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WINTER STORM LEAVES LOTS OF SNOW IN ITS WAKE

NOAA Bob Chartuk dig out from winter storm that hit Northeast.March 6, 2001 — National Weather Service meteorologist Mike Wyllie saw the ominous signs six days before: A moisture-laden system tracking along the Gulf Coast could intensify into a major Nor'easter off the Eastern Seaboard. A day later, the computer models agreed–the northeast should prepare for the nastiest winter storm in years. (Click NOAA image for larger view of storm aftermath in Center Moriches, New York, Eastern Long Island, March 6, 2001. Click here to view more images.)

"We saw the potential for a massive weekend snow storm but kept the door open for rain in many areas because of the difficulty in pinpointing the rain-snow line," said Wyllie, who serves as the meteorologist-in-charge of the NWS Upton office on eastern Long Island.

Communities from Washington through New England prepared for the worst as food flew off the shelves over the weekend, with Monday seeing school closures, canceled flights, and highway crews loaded up with sand and salt. Media coverage of the potential blizzard was intense.

For New England, where Boston was hit with up to a foot of snow and some higher elevations saw two feet, the "March Lion" did not disappoint. However, in the Baltimore-Washington corridor, rain was the order of the day with only an inch or less of snow falling as the cold air from the north finally made its way south.

Jim Travers worked the forecast desk at the NWS Baltimore-Washington office: "The Nor'easter took its time as it intensified off the coast and spared the nation's capital. But as the moisture wrapped around from the east, the storm drove heavy snow across New England and down through New York City and New Jersey Monday night and into Tuesday," said Travers, who serves as meteorologist-in-charge of the facility at Sterling, Va.

"For areas to the south, it was business as usual, but Northern Massachusetts and southern Maine experienced winds up to 70 miles per hour creating blizzard conditions," Travers said.

Aside from rain, snow, and wind, coastal communities feared another of the Nor'easter's demons: High surf and coastal erosion. Gale warnings were up for much of the seaboard and tides were running a foot and more above normal. Coastal flood warnings were in affect.

According to Paul Vukits of NOAA's Marine Prediction Center, seas crested from 25-30 feet making the off shore waters extremely treacherous. "A Gulf of Maine buoy measured waves up to 27 feet high with near shore towers showing winds up to 70 miles per hour," Vukits said.

The storm had an interesting pedigree. According to meteorologist Wyllie, "The satellite showed moisture streaming in from as far as the Pacific Ocean off of Mexico. The system spawned severe thunderstorms and tornados throughout the Gulf Coast and had the potential to be one of the worst storms since the blizzard of 1978." However, various factors, including a dome of cold air over northern Maine and the storm's slow speed, kept snow to a minimum in some areas, while bombing others. "At one point, the coastal system actually looped back toward land before heading back out to sea," Wyllie said.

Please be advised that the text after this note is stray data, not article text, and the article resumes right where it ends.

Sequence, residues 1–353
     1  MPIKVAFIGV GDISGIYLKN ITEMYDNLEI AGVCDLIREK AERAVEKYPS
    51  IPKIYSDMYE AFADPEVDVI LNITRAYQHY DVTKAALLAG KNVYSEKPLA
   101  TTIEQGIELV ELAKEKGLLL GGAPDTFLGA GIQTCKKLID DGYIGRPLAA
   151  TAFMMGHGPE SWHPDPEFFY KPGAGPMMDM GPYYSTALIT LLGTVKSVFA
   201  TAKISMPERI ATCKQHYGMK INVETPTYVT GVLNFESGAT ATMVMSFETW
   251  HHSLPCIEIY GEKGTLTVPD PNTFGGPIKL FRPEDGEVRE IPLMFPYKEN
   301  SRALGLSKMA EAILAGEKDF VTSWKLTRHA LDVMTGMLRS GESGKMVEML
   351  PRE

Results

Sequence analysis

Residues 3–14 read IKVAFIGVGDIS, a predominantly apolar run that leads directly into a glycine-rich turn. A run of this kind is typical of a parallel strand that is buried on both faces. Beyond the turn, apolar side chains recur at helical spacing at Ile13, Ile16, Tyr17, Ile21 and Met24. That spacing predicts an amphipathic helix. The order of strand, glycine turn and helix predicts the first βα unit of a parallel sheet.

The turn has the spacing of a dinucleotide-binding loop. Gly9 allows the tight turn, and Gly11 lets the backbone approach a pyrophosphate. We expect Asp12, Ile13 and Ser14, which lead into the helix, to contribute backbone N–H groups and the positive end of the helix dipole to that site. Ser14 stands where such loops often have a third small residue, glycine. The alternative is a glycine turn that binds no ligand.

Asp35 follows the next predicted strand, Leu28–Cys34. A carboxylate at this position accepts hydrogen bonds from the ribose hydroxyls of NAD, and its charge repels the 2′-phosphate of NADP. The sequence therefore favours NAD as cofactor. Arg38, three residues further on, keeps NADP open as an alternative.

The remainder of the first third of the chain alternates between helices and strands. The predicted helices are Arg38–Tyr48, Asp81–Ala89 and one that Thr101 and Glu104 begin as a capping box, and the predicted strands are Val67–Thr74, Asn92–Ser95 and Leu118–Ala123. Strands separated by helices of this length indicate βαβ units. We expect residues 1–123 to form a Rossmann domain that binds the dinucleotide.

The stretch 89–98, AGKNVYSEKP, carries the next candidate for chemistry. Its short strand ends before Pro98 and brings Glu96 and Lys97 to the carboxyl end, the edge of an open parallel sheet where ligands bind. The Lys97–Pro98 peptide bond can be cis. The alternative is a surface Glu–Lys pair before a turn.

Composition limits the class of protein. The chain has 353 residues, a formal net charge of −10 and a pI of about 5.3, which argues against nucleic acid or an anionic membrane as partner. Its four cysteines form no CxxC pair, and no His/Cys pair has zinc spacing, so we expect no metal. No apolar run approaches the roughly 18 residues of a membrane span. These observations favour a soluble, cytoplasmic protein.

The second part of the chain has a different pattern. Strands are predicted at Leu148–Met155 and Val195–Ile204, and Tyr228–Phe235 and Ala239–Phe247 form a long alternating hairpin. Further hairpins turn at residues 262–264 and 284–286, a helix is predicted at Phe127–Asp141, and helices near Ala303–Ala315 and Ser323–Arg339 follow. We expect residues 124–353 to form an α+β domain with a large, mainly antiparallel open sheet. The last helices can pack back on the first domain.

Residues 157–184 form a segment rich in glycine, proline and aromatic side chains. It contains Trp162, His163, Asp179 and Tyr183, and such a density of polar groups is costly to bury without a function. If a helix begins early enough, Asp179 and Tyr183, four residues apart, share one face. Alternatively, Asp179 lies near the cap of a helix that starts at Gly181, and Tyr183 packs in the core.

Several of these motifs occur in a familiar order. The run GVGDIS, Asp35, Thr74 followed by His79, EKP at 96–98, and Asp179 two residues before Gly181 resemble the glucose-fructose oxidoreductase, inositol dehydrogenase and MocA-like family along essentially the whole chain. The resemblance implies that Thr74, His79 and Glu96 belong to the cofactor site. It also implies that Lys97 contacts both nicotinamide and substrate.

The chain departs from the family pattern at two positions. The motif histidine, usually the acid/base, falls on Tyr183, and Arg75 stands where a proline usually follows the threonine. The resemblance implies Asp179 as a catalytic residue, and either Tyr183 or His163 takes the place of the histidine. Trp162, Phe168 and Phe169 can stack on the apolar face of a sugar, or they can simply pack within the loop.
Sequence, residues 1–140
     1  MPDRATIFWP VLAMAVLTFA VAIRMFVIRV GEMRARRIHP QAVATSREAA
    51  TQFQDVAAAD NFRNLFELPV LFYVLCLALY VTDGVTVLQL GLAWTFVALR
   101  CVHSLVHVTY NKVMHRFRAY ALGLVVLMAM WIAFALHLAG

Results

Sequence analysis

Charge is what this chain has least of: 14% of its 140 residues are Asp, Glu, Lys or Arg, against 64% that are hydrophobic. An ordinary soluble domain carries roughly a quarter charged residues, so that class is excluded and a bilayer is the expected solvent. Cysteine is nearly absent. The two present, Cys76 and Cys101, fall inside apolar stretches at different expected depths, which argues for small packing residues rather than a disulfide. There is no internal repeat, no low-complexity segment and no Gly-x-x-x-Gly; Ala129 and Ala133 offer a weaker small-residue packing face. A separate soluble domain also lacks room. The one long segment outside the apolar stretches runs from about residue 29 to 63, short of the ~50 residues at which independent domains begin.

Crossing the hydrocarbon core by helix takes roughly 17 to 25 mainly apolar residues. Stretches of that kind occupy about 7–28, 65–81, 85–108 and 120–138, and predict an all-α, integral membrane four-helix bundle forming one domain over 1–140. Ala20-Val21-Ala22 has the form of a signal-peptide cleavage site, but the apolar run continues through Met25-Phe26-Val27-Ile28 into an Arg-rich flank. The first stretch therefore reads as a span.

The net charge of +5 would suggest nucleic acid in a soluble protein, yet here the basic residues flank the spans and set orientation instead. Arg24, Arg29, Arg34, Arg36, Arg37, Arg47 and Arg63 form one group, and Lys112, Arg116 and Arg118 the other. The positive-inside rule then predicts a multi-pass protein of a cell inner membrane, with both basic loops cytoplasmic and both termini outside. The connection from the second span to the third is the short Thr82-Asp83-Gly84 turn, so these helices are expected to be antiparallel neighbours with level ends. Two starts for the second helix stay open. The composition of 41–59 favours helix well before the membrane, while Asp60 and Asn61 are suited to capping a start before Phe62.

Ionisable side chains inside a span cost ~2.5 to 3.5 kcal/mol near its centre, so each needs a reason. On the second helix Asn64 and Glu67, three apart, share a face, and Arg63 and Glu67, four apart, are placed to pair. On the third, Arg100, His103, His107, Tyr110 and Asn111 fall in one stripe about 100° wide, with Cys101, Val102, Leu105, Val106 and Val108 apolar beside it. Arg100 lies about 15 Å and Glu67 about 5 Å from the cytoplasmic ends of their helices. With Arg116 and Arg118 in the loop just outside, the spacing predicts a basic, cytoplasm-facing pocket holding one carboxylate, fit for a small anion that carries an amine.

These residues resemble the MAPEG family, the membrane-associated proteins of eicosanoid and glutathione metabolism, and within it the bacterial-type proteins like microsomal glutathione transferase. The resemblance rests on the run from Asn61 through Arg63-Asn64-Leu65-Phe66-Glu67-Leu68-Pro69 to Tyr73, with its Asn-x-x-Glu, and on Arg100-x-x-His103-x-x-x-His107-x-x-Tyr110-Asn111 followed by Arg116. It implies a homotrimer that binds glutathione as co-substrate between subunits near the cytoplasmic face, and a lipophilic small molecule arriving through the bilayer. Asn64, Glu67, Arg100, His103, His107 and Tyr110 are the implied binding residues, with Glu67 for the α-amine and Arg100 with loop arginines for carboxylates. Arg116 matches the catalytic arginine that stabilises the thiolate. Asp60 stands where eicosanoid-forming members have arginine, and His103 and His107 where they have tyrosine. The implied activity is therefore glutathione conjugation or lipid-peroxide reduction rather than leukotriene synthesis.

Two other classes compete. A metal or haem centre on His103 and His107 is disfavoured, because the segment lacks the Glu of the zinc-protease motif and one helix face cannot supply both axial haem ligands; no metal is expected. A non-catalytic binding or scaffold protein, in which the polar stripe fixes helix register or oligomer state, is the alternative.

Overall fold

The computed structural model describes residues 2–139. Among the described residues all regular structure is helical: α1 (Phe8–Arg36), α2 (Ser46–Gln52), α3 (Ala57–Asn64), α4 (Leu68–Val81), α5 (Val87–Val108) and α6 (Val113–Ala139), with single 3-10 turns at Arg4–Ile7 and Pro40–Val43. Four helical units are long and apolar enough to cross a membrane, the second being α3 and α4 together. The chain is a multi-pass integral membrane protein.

LATEST STORM TOTALS (As of March 6, 2001)

CITY & SNOWFALL AMOUNTS

NEW HAMPSHIRE

JAFFREY 23.00 Inches
RINDGE 20.80 Inches
NASHUA 20.50 Inches

MASSACHUSETTS

AGAWAM-FEEDING HILLS 24.00 Inches
EAST HAWLEY 24.00 Inches
HAVERHILL-BRADFORD 23.00 Inches
SAVOY 22.80 Inches
METHUEN 22.00 Inches
LOWELL 21.00 Inches
SUNDERLAND 21.00 Inches
SOUTH DEERFIELD 20.00 Inches

VERMONT

JAY PEAK 29.00 Inches
NEW HAVEN 25.50 Inches
CAVENDISH 24.10 Inches
EAST WALLINGFORD 24.00 Inches
SOUTH WOODSTOCK 23.00 Inches
TOWNSHEND LAKE 22.50 Inches
CORNWALL 22.00 Inches
CASTLETON 21.00 Inches
COLCHESTER 21.00 Inches
SPRINGFIELD 21.00 Inches
BURLINGTON 20.20 Inches

NEW YORK

ALBANY 15.05 Inches
BALLSTON SPA 28.00 Inches
BOLTON LANDING 28.00 Inches
WHITEHALL 26.80 Inches
PERU 26.30 Inches
SARATOGA SPRINGS 24.00 Inches
WILMINGTON 24.00 Inches
CORTLAND 23.80 Inches
PRATTSVILLE 23.50 Inches
BURNT HILLS 23.40 Inches
WARRENSBURG 23.40 Inches
CLIFTON PARK 23.00 Inches
DUANESBURG 23.00 Inches
SOUTH OWEGO 23.00 Inches
EAST GLENVILLE 21.80 Inches
TROY 20.50 Inches
SCHENECTADY 20.30 Inches

Relevant Web Sites
NOAA's National Weather Service

NOAA's Hydrometeorological Prediction Center

NOAA's Marine Prediction Center

NOAA's Storm Prediction Center

What is a Nor'easter or Northeast Winter Storm?


The following National Weather Service Web sites are available to provide up-to-the-minute winter weather information.

Current winter storm watches, warnings and temperatures across the United States

NOAA's Climate Prediction Center — Winter Outlook 2000-2001

National forecasts that extend from three to 14 days in advance

Winter weather safety and preparedness tips to handle snow, ice, wind and bitter cold temperatures

Map showing the latest conditions over the United States

NOAA's Weather Page — includes latest satellite images and weather maps

NOAA's National Weather Service Office of Climate, Water, and Weather Services

NOAA Weather Radio


Media Contacts:
John Leslie, NOAA's National Weather Service, (301) 713-0622 or Bob Chartuk, NOAA's National Weather Service Eastern Region, (631) 244-0166
(NOAA photos courtesy of Bob Chartuk, NOAA's National Weather Service Eastern Region.)